Q: I'm a 30-something woman in a long-term relationship with a man who I really love and like, and who my parents like as well. We are very happy together, and have decided not to have children.
My mother has never hassled us about our decision not to parent, and that's good. However, she is excessively devoted to the children of her two stepsons. For example, we were all at dinner the other week, and when someone asked her if she had other grandchildren (meaning — not from me!), she whipped out her wallet and showed around the pictures of my stepbrothers' kids and called them "her" grandchildren.
Am I right to feel resentful — I mean, they aren't actually her grandchildren at all. Shouldn't she explain that they are technically the children of her husband's children?
A: So many family situations involve so many people and so many feelings, of such complexity, that you have ample room to see into them what you like.
Sure, you can resent your mother for doting on children who "aren't actually her grandchildren at all."
Or, you can be grateful these children fill your mom's heart, when she might otherwise have "hassled" you for grandkids.
Or, you can be grateful these kids have a warm, loving stepgrandma in their lives who doesn't keep them at arm's length on a genetic technicality.
Or, you can be proud of your mom for rolling with everyone's life choices and choosing to love — you, your boyfriend, her stepsons, their children — instead of judge.
Or, you can decide to be okay with your own choices and stop there, instead of peering into familial tea leaves for signs that your mom or some dinner companion or anyone else isn't okay with them. You're 30-something and happy. What reason do you have not to grab the kindest, most openhearted choice on this list? Or two?
Don't make assumptions about pet-sitting neighbor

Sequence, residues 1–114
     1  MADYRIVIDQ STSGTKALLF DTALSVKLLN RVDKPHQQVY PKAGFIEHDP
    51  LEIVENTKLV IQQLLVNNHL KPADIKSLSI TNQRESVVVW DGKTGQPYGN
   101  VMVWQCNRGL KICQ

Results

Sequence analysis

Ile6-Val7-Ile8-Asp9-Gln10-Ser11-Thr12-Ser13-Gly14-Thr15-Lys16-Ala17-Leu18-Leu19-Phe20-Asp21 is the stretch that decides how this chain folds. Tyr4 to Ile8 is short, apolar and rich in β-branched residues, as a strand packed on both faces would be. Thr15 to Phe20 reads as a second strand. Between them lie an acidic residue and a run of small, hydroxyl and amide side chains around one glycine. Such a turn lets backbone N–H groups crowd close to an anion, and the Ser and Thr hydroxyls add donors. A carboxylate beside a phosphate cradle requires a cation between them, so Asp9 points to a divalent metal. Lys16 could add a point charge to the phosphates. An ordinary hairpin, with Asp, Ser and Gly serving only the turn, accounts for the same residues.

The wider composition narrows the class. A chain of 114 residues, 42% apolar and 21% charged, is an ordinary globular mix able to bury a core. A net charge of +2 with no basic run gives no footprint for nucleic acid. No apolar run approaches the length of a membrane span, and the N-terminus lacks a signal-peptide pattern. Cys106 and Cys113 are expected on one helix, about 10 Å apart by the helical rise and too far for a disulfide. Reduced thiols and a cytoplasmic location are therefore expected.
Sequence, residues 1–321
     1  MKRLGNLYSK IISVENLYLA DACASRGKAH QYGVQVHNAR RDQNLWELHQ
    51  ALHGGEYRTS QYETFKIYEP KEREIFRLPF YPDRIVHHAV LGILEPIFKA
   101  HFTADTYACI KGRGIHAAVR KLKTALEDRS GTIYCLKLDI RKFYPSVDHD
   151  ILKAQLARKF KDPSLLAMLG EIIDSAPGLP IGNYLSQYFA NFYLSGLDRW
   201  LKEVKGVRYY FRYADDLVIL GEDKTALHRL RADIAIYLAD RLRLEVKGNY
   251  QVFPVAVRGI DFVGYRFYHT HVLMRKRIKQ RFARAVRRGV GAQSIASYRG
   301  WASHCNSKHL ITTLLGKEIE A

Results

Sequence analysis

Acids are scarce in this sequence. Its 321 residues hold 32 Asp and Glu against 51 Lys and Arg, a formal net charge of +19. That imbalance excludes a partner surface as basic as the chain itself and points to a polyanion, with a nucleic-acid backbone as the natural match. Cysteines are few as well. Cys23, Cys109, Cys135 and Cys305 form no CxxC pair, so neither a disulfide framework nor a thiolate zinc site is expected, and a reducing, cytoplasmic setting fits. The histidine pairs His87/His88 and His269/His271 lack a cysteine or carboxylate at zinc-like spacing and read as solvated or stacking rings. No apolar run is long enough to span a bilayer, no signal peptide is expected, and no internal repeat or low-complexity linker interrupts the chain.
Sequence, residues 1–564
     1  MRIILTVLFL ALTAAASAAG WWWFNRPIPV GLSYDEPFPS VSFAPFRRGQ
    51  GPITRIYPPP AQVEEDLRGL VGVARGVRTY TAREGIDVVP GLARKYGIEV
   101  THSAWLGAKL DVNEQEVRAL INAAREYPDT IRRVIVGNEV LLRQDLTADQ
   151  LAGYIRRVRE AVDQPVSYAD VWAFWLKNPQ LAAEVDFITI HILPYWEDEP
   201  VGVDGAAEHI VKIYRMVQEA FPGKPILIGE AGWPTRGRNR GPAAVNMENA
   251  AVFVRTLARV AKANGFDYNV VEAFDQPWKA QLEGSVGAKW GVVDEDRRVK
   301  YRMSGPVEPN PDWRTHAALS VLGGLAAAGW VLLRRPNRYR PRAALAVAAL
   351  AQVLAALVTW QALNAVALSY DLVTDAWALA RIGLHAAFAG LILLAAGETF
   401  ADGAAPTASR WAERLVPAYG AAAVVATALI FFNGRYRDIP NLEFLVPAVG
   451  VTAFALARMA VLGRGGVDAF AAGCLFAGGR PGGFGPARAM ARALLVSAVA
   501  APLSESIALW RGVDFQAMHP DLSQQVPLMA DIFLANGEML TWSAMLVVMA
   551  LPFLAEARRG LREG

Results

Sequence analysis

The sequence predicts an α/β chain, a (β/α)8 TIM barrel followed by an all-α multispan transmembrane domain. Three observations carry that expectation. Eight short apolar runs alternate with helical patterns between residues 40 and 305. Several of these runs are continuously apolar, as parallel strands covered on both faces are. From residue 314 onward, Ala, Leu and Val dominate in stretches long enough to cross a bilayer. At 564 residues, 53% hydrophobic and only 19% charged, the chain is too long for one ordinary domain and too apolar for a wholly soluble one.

Q: I have an odd question for you. My parents have hired a neighbor girl up the street to watch their cat a few times while they are gone, and lately it has gotten weird. Over a three-day period of cat-sitting, she ate a whole box of taquitos, half a box of chocolate-covered cherries, a box of truffles, all the remaining Christmas cookies, a box of granola bars and a few other assorted things.
Later I noticed their YouTube search history had some inappropriate searches — things like "Angelina Jolie sex scenes" (and no, it wasn't my parents doing the searches).
She is part of a very conservative and religious household, so I am sure she wouldn't do those sorts of searches at her house. Also she is really the only one available for my parents to ask to pet-sit, and since they have a close relationship with her parents it would be quite awkward if they suddenly hired someone else. However, there is no nice way to say, "Please don't eat all our food and please don't search porn on our computer." What to do?!
A: Password-protect the computer, obviously, or hire somebody else. More important: Don't assume anything about who searched what on YouTube, or why. You're in other people's business about six different ways here — and fixing that isn't as easy as tucking the chocolate in your sock drawer.